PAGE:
Recently, a group of Luray High School students participated in a water quality improvement project at the White House Farm. Shrubs were installed around the edge of one of the farm ponds to help protect the water quality from stormwater runoff and stabilize the soil.
Mr. Jeff Judd, agriculture teacher at Luray High School, organized the Future Farmers of America (FFA) students who generously donated their time for the afternoon.
A variety of shrubs were planted – all Virginia natives and particularly suited for riparian settings. Below is a list of the shrubs which were chosen:
Arrowwood (viburnum dentatum).The common name of arrowwood comes from the very straight and strong basal shoots which were used by Native Americans for spear point and arrowhead shafts. It grows 10′-15′ tall and wide and can be used in conservation practices as windbreaks. Birds enjoy the dark blue fruits and small mammals use the bush for habitat.
Black Willow (salix nigra). The black willow has many relationships in nature including serving as a food source for the caterpillars of many lepidoptera, deer, rabbits and small rodents. It can reach heights of 75-110′ as a mature tree, providing cavities for possums, raccoons and woodpeckers. The flexible wood is used in wicker furniture, makes beautiful paneling, and toys, cabinets and doors.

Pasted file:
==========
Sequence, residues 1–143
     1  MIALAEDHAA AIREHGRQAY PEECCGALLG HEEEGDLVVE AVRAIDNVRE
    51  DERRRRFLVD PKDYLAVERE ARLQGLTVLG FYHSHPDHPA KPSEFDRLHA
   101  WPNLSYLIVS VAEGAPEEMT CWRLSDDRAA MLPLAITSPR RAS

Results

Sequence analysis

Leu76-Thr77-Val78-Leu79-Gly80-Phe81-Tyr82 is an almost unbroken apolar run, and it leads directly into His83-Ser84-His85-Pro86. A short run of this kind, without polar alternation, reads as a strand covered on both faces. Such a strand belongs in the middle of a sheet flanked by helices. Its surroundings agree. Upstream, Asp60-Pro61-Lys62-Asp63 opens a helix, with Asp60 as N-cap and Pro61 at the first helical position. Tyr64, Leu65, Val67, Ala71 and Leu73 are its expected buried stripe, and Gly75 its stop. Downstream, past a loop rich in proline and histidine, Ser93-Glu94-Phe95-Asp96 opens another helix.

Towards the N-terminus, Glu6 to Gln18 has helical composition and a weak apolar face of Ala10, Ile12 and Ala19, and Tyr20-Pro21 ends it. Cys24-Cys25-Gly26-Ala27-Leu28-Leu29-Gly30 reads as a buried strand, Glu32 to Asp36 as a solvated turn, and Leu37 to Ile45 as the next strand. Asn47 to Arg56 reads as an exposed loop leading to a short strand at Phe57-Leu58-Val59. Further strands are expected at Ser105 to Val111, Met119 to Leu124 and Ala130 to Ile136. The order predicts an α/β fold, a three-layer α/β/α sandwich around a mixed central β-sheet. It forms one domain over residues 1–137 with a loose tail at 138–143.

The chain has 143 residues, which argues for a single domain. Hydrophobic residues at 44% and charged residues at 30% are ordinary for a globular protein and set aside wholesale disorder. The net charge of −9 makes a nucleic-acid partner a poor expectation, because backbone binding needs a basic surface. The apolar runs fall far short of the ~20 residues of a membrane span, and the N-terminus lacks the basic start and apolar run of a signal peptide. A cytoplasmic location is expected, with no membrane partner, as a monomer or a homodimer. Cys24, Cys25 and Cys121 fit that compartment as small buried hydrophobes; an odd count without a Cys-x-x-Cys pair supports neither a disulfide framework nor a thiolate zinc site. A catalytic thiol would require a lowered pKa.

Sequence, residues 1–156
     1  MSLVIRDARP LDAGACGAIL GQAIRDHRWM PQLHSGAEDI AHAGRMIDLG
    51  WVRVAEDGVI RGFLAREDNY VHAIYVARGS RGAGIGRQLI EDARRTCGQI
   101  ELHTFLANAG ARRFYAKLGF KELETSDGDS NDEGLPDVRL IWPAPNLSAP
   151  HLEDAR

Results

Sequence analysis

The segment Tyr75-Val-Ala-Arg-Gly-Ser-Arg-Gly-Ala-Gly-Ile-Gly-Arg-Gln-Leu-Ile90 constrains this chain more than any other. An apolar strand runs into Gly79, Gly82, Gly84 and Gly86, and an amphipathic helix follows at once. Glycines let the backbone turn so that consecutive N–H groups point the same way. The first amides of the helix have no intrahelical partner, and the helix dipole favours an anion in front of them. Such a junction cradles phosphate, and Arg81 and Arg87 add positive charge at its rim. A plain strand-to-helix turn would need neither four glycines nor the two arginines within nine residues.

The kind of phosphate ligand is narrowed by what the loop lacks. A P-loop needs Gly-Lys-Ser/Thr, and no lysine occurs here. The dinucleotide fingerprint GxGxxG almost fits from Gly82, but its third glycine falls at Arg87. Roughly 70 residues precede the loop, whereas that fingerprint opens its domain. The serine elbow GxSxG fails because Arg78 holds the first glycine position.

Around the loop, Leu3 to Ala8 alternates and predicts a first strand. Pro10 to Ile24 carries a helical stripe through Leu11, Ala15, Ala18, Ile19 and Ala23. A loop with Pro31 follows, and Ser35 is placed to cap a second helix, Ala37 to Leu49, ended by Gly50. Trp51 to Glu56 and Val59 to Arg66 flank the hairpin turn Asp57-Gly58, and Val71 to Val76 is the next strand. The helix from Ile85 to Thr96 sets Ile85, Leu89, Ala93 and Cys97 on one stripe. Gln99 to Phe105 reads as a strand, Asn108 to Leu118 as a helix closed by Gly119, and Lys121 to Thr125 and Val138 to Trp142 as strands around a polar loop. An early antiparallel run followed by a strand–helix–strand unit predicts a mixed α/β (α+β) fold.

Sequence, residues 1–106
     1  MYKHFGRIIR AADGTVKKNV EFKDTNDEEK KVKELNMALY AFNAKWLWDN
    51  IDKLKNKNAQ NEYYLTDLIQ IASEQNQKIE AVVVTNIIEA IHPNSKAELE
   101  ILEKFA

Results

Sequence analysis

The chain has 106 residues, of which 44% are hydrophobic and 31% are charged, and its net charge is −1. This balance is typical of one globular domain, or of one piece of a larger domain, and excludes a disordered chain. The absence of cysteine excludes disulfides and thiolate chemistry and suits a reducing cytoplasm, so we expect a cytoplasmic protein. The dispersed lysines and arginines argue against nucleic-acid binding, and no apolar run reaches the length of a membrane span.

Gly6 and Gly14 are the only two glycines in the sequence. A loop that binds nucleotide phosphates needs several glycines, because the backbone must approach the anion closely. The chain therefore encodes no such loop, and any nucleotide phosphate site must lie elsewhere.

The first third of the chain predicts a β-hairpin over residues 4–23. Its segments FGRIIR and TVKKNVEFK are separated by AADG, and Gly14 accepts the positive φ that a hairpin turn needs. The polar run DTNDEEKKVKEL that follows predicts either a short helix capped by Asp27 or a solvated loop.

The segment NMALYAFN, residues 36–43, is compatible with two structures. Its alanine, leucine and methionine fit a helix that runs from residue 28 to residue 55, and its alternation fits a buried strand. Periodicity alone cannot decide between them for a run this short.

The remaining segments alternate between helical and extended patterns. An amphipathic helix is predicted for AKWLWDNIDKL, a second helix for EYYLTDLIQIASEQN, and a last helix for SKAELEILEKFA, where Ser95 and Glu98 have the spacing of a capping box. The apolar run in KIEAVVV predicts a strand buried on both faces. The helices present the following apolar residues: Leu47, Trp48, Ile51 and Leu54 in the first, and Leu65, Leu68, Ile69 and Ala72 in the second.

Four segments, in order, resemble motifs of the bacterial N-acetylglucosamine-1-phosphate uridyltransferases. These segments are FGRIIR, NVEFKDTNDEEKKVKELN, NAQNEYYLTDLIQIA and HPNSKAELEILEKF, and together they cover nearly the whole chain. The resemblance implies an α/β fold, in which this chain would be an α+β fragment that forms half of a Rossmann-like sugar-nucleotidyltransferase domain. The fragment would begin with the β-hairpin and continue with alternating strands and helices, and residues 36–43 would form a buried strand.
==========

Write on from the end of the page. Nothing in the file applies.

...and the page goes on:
Buttonbush (cephalanthus occidentalis). This shrub is named for the flowers which resemble spiky white golf balls. Bees and butterflies enjoy the flowers’ nectar and help pollinate them. The seeds are consumed by geese and ducks who also nest amongst the roots and lower branches. The multistemmed shrub provides cover for small birds, frogs, salamanders and other small mammals.
Carolina Hornbeam (carpinus caroliniana). Growing 20′ tall, the wood of hornbeam – also called ironwood – is very hard, the bark very smooth. It is an understory tree, the leaves turning an attractive scarlet. It is utilized by songbirds and small mammals for habitat and is an important food source for squirrels.
Dogwood – Silky & Red Twig (cornus amomum & cornus sericea). Both varieties provide nice winter color with burnished red stems, attract birds and pollinators and provide food for small mammals. The dogwoods, like the willows, are often used for soil stabilization as their branching habit and affinity for wet conditions make them ideal for streambank and pond side plantings.
Elderberry (sambucus canandensis). Anyone who has tasted elderberry jam knows the culinary value of this shrub/small tree. The dark purple berries have been used for centuries for pies, jams, jellies, and syrups. The abundant flowers provide nectar for butterflies and birds, bats and bumblebees.
Mallow (althaea officianalis). Having a beautiful flower, this shrub is one of the most showy of the riparian selections. It tolerates a wide variety of soil and moisture conditions. Bees enjoy the nectar and pollinate the plants as they move from flower to flower. The marsh mallow is valuable to humans as the leaves and roots are edible and the plant has a host of medicinal properties.